• Make significant investments in expanding passenger rail routes and service frequency across Canada to increase passenger volume and fare revenue, boost employment and stimulate economic growth; and
  • Ensure passenger rail investments include Canadian content requirements and factor in the utilization of Canada’s workforce, expertise and resources early in the planning stages.
5. Keep the Pharmacare Promise

The government committed to implementing universal, public pharmacare, including the pledge to implement the measures outlined by the Advisory Council on the Implementation of Pharmacare in 2019. However, we still have not seen any concrete movement on this important health program, with no new funding or measures provided in the 2021 budget. 

Prior to the COVID-19 pandemic, more than 8 million Canadians did not have prescription drug coverage and an estimated 3 million Canadians did not take medicines prescribed by their doctors because they could not afford them. The pandemic has made the problem worse for laid-off workers and unemployed workers who do not have drug benefits to carry them through the crisis. 

Unifor recommends that government:

  • Keep its promise and immediately institute a national, universally accessible pharmacare program in consultation with provinces and territories; and
  • Provide immediate funding and coordinate with the provinces and territories to ensure that all laid-off workers become eligible for coverage under existing provincial drug plans as an emergency measure.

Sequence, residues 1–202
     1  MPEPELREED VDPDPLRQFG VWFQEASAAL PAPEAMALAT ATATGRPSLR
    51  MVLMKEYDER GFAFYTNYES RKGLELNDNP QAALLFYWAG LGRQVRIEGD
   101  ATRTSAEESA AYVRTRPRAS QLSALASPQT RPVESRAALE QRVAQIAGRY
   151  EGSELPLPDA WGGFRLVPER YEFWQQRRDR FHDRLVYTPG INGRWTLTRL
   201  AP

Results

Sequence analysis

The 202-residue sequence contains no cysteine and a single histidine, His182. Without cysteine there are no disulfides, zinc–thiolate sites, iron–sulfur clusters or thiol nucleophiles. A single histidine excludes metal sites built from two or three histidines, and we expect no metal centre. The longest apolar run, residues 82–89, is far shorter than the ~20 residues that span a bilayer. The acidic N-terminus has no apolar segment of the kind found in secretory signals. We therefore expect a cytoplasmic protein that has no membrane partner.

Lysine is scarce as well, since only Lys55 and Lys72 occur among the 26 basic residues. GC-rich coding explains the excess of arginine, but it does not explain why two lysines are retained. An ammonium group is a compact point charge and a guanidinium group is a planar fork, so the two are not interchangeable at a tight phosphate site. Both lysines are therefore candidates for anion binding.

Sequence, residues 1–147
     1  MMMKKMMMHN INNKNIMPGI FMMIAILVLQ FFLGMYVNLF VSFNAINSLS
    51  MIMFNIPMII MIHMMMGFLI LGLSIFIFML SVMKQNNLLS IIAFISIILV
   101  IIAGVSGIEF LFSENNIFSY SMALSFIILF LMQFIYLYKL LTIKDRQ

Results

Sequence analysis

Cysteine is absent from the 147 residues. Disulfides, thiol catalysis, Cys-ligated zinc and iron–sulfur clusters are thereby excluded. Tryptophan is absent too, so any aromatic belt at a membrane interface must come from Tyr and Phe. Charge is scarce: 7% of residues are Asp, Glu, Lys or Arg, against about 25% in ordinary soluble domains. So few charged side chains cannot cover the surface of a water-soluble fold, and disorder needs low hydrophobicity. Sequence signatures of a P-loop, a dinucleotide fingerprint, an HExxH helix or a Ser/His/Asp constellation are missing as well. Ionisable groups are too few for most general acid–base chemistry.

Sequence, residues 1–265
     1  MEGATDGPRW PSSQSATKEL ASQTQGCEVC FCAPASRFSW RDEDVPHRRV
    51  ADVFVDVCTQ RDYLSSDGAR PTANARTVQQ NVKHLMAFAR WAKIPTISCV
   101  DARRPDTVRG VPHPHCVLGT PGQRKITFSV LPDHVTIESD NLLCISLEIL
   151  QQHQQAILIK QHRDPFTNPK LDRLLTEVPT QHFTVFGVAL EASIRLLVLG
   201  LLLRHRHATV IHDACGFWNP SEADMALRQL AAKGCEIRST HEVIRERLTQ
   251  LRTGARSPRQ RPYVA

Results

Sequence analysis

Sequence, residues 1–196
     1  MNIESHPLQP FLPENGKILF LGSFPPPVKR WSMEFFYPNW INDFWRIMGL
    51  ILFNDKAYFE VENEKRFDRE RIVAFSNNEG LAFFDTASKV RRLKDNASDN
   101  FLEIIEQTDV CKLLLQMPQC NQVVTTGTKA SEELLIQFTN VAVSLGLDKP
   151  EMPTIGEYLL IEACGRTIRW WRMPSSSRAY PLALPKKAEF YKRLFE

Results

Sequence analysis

6. Reorient Long-Term Care to Improve Service

Seniors deserve to live in dignity and with proper care. Canada’s long-term care system, responsible for delivering that care, is an important segment of the health care sector. It is broken and needs fixing. The federal government must work with the provinces and territories to establish care standards, remove the profit from care, and provide substantial funding to provinces and territories to support these measures. 

Unifor recommends that government: 

  • Work in partnership with the provinces and territories to establish minimum standards of daily care and a comprehensive workforce strategy. Federal funding should be tied to adherence to the principles of the Canada Health Act; 
  • Phase out for-profit long-term care homes and transition toward community-based, publicly-owned or non-profit homes; and
  • Immediately bring Revera – currently owned by the Public Sector Pension Investment Board – under public ownership.
7. Ensure Public Programs are Under-pinned by Good Jobs

As the government makes critical investments in social infrastructure, it must take the broader view that public programs should improve the quality of life for those that use them and for those who deliver them. Government must lead in building good jobs – that ensure stability, security, decent income, access to benefits, equity and diversity in hiring – into all government programs and investments. 

Unifor recommends that government: 

  • Mandate entry-level pay in any Broader Public Sector (BPS) job must not be lower than a living wage;
  • Ensure all workers are covered by strong health benefits agreements either through public programs such as medicare and pharmacare (which includes portability of benefits) and/or through privately-purchased supplemental health benefits; and
  • Consider implementing Community Benefit Agreements (CBAs) in forthcoming infrastructure projects to increase local employment opportunities and skills development, including among vulnerable and disenfranchised communities.
8. Design and Implement a Just Transition Program

While the recent announcement of a public consultation on people-centred principles for just transition legislation and the establishment of an advisory body was a promising start, workers are already being impacted by the shift towards a carbon-neutral economy. 

Unifor recommends that the government:

  • Establish a federal Just Transition fund dedicated to funding supports for workers impacted by the shift towards clean technology and a net-zero emissions economy, including pension bridging, voluntary severance, income insurance, retraining and relocation support, and local transition centres;